On classic early and mid-October days, when the sky reigns brilliant blue over a golden landscape, I love to go looking for sparrows. I head to shrubby border areas in the countryside that are thick with vegetation, looking for those illuminated by the early morning sun. While notes from bluebirds waft overhead, I find a strategic spot to stand, and do what many birders do to elicit a response from their quarry: I emit a series of soft pish sounds. If I’ve chosen well, soon small, mostly brown and white birds begin to pop into view, sometimes five or six different species at once.
Many of the sparrows are migrants passing through, having completed their breeding tasks in regions to the north. But another species is one that has been in the Barrington area since April and, in fact, nests locally. That species is the field sparrow (Spizella pusilla). It was one of the first sparrows to return after winter and it’s one of the last to leave.
One might assume from its name that the field sparrow is a bird of open fields or prairies. But actually it prefers brushy habitats. Over many years of conducting breeding bird surveys in Cook County’s Spring Creek Forest Preserve, I’ve documented many field sparrows, but always in shrublands, not in open grasslands. The species has declined steadily in Illinois over the past several decades, but in the Barrington area that is rich in public forest preserves and private protected areas, it is quite common.
In a family of birds that can be difficult to tell one from another without a lot of practice, the field sparrow is easy to distinguish, both by appearance and song. Compared to other members of its clan, it has an overall pale appearance. In sparrow identification, it’s important to determine right away if the bird in question has a clear or streaked breast. The field sparrow is of the former variety, with no mark on its pale, buffy front. It has other helpful field marks, too: a mostly gray head with rufous cap, white eye ring, and a pink, conical bill that compels one to describe it as “sweet”.
Should the visuals still perplex – perhaps the bird is distant or hidden by foliage – the song is a giveaway: a clear flow of accelerating notes whose cadence some liken to that of a ping pong ball that bounces in increasingly rapid sequence until it stops. But in October the field sparrow is not singing, and has not been singing for several weeks. So it is imperative to actually see the bird. Fortunately it does seem to be curious and responds readily to the pishing lure. I’m always surprised this time of year at how many field sparrows I spot among its cousins – white-throated, white-crowned, song, savannah, swamp, Lincoln – all clustered overnight in the same dense shrubbery.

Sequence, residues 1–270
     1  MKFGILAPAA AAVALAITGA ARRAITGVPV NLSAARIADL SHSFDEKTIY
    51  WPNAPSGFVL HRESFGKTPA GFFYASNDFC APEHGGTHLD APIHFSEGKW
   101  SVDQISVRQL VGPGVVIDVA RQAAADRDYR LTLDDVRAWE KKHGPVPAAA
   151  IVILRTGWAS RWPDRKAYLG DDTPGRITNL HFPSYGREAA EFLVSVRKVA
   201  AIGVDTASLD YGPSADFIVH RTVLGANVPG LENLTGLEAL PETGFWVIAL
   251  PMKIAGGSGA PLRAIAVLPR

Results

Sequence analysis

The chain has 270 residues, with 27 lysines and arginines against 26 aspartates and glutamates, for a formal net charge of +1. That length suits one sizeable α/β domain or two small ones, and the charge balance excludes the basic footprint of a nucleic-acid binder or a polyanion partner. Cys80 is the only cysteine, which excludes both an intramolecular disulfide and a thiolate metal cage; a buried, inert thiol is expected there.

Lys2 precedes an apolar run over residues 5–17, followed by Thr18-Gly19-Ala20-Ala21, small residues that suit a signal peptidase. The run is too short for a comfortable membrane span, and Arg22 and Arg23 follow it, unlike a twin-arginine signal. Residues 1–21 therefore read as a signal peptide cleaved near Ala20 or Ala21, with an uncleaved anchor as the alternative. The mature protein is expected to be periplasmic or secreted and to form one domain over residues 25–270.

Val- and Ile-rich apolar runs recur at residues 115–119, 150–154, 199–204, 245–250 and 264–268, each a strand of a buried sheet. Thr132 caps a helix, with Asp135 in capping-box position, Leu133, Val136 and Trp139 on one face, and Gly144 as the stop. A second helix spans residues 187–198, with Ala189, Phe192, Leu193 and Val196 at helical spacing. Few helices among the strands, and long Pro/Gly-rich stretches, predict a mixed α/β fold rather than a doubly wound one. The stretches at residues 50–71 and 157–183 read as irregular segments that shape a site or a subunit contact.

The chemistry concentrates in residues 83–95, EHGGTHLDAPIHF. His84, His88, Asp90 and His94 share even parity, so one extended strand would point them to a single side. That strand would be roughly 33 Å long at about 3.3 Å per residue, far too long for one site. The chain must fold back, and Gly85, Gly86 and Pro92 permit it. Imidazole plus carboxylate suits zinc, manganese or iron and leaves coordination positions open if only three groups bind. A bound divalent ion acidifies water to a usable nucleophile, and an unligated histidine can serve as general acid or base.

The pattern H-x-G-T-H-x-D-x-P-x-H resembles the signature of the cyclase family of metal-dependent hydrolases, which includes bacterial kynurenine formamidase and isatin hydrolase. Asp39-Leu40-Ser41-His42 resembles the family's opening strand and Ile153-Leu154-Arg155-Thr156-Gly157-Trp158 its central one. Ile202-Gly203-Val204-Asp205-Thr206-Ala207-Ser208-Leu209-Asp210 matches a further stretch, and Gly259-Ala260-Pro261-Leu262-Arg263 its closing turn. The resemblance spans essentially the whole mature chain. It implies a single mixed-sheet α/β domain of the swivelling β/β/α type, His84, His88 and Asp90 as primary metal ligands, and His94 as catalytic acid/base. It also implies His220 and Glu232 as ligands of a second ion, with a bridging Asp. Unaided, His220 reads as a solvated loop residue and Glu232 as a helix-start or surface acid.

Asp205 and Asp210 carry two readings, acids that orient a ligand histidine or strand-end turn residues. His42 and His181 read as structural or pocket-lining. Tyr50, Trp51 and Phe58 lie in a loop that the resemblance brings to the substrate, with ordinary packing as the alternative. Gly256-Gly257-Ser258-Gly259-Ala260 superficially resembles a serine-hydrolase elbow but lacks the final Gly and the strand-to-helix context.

Any day now the field sparrows will be departing to southern parts of our country and into Mexico. Their trills have sweetened summer days and their recent appearances have animated sunlit thickets. We must wait until next April to greet them again. But if you can get out soon with your binoculars to scan dense shrubbery in the early morning, you may well still catch a lingering, though silent field sparrow.
If you’d like to learn more about the Birds of Barrington, Wendy invites you to join any of her upcoming Fall Bird Hikes. They’re free and open to the public, though space is limited and RSVP’s are required. Waterproof boots are strongly recommended and don’t forget your binoculars!
October 21, 8:00AM
Cuba Marsh (Park in parking lot off east side of Lake Zurich Rd just south of EJ&E RR tracks. Lake Zurich Road runs between Rte. 14 and Cuba Road)
October 25, 8:30AM
Galloping Hill* (park at Penny Road Pond parking lot in Barrington Hills)
November 1, 9:00AM
Crabtree Nature Center (3 Stover Road off of Palatine Road)
*indicates a more strenuous hike
Walks are free though space is limited and RSVP’s are required. Please RSVP to: Daniel Wear (312) 453-0230, Extension 2010 or firstname.lastname@example.org and let them know how best to contact you should that be necessary.
Before you head out, please be sure to check the Citizens for Conservation website for any last minute changes or cancellations. Waterproof boots are strongly recommended and don’t forget your binoculars!
About Wendy Paulson
Wendy Paulson has lived in Barrington Hills since 1975, and has led bird walks in the area for many years. She re-established the Nature Lady program in the Barrington 220 school district and St. Anne’s in the late 70s, under the auspices of The Garden Club and Little Garden Club of Barrington. Wendy developed the education program for Citizens for Conservation, initiated and edited its newsletter, and has been an active volunteer with CFC for over 30 years.
During interludes in New York City and Washington, DC, Wendy taught classes about birds in the public schools and is helping to develop a similar program in Chicago public schools with Openlands. She is chairman of The Bobolink Foundation, serves on the board or advisory committee of multiple conservation and bird-related organizations, both domestic and international, and is former chairman of IL and NY chapters of The Nature Conservancy.
Wendy and her husband Hank have two grown children and are avid hikers, cyclists, and kayakers.